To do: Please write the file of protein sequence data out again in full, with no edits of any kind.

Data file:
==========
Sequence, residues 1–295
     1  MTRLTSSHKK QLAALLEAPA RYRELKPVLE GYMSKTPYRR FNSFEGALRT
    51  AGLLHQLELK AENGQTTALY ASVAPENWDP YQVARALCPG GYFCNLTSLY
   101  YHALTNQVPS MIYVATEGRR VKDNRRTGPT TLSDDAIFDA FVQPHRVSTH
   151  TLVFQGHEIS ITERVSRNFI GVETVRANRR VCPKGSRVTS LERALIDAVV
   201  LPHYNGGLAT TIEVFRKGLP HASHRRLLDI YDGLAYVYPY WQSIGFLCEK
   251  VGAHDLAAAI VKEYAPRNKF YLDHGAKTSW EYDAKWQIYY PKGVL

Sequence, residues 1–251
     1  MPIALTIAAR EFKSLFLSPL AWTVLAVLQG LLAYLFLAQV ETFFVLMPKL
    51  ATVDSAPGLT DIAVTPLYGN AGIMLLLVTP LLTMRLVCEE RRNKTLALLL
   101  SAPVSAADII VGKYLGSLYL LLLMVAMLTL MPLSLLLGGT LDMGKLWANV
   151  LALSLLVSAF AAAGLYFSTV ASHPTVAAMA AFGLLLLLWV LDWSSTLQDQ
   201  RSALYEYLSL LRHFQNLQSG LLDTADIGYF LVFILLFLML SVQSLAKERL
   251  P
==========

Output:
Sequence, residues 1–295
     1  MTRLTSSHKK QLAALLEAPA RYRELKPVLE GYMSKTPYRR FNSFEGALRT
    51  AGLLHQLELK AENGQTTALY ASVAPENWDP YQVARALCPG GYFCNLTSLY
   101  YHALTNQVPS MIYVATEGRR VKDNRRTGPT TLSDDAIFDA FVQPHRVSTH
   151  TLVFQGHEIS ITERVSRNFI GVETVRANRR VCPKGSRVTS LERALIDAVV
   201  LPHYNGGLAT TIEVFRKGLP HASHRRLLDI YDGLAYVYPY WQSIGFLCEK
   251  VGAHDLAAAI VKEYAPRNKF YLDHGAKTSW EYDAKWQIYY PKGVL

Sequence, residues 1–251
     1  MPIALTIAAR EFKSLFLSPL AWTVLAVLQG LLAYLFLAQV ETFFVLMPKL
    51  ATVDSAPGLT DIAVTPLYGN AGIMLLLVTP LLTMRLVCEE RRNKTLALLL
   101  SAPVSAADII VGKYLGSLYL LLLMVAMLTL MPLSLLLGGT LDMGKLWANV
   151  LALSLLVSAF AAAGLYFSTV ASHPTVAAMA AFGLLLLLWV LDWSSTLQDQ
   201  RSALYEYLSL LRHFQNLQSG LLDTADIGYF LVFILLFLML SVQSLAKERL
   251  P